The Vermont Farmers Food Center is a nonprofit in Rutland that’s been working to harness the economic potential of local agriculture.
The group created Rutland’s indoor farmer’s market and has put teens to work on area farms.
Now they’re focused on using farming as a teaching tool. They hope a new greenhouse and a chance to grow plants will help school kids learn about nutrition, science, and themselves.
Melinda Hardt is the nonprofit’s education coordinator. She stood inside the group’s new, 4,300 square foot greenhouse – her classroom. “We have this space over here," she said, pointing to several tables and chairs, "where the kids can write in their journal and where we have circle time at the beginning and end of each workshop. And then the beds are set up so that the kids can really get low to the ground, the kids can really get into the dirt and the kids can really garden at their level.”
Behind her were row after row of raised beds, 13 in all, waiting for plants.
On a recent Monday afternoon, 16 Rutland City fourth graders, armed with garden gloves and trowels, were busy breaking up dirt in those beds, spreading top soil and joking about cow manure and whether there might be any horse poop in the dirt.
This program runs seven weeks. It started back in March when the kids were each given a tiny tomato seed to plant and name. They'll take the plants home when the course is over.
The group met for an hour, three Mondays in a row. Then they took three weeks off.
This was session four. Their tomato plants were sprouting - progress that the kids detailed in their greenhouse journals.
They gathered around tables to work together on the week’s experiment, which had to do with assessing how varying amounts of sunlight and water had affected spinach seeds they planted back in March.
Teacher Nicole Joyce said around age 9 or 10, kids start to realize it’s not just about them anymore, that they’re part of a community. So developmentally, she said this type of program is ideal for her students. "I also think it also empowers them, so that at this age, they can say, ‘I can plant a garden and it will grow, all by myself.’”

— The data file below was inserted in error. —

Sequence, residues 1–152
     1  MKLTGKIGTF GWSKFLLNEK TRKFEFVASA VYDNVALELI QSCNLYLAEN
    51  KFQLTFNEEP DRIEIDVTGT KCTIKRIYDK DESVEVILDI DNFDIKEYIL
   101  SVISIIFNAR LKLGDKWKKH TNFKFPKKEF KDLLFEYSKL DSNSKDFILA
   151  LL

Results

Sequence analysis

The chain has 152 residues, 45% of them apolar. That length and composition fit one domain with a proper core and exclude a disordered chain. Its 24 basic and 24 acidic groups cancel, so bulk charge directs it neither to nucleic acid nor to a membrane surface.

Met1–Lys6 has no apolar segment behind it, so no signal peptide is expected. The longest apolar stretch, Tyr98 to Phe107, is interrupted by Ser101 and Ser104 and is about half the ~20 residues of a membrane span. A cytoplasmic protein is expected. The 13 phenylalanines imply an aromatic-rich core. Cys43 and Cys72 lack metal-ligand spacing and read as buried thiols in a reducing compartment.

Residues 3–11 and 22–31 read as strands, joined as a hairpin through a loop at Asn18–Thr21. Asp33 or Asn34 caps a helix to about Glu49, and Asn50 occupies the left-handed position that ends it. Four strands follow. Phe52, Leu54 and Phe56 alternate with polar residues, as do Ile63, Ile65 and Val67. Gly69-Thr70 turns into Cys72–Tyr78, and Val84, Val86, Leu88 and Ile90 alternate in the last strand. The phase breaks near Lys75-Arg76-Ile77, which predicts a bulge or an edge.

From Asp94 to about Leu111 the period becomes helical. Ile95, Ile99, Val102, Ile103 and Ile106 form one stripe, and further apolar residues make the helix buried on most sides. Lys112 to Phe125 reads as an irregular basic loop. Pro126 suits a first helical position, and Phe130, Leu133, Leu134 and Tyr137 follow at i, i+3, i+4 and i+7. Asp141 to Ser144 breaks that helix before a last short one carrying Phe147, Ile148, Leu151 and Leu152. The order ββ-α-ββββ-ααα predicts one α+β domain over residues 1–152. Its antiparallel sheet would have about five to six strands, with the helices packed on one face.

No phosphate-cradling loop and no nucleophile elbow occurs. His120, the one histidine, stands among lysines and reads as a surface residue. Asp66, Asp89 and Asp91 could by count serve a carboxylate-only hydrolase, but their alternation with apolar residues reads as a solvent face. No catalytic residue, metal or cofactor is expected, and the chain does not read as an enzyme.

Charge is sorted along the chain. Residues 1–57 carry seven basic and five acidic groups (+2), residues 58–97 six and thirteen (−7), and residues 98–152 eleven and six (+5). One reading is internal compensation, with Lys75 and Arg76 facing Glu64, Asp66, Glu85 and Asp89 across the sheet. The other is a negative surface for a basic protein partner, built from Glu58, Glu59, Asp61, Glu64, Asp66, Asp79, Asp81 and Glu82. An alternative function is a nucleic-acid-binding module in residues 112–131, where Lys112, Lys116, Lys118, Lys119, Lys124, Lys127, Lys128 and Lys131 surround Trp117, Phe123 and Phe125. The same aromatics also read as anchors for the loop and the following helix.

She thinks it’s also very important for kids to understand where their food comes from.
Greg Cox, executive director of the Vermont Farmers Food Center and a farmer, agreed. "It's part of our economy and it’s nutrition. And we said, 'You know what?' We can play a vital role in educating our kids and bring it to them in a really meaningful way,” he said.
He walked over to one of the raised beds where kids were preparing the dirt for strawberry plants. “They get to grow them, to understand that we’re similar. We all breathe, we all get hot, we drink, we grow.” Added Cox, laughing, “It’s Vermont’s version of swimming with the dolphins! Playing in the dirt, watching plants grow and being part of that cycle.”
He and Joyce said this type of program is also good for kids who’ve experienced trauma, something that’s becoming a bigger issue in schools.
“When you are responsible for another living thing you realize you are not alone," said Cox. "Empathy is something you really need to develop in people. When you come in and see a plant that’s wilted because it doesn’t have water and you water it and you see it come back and stand up straight, that’s empowering. People need that."
There are currently 120 Rutland city fourth graders taking part in the program. Cox says other nearby schools have expressed interest.
He says programs for home schoolers, preschoolers and day care centers are also in the works.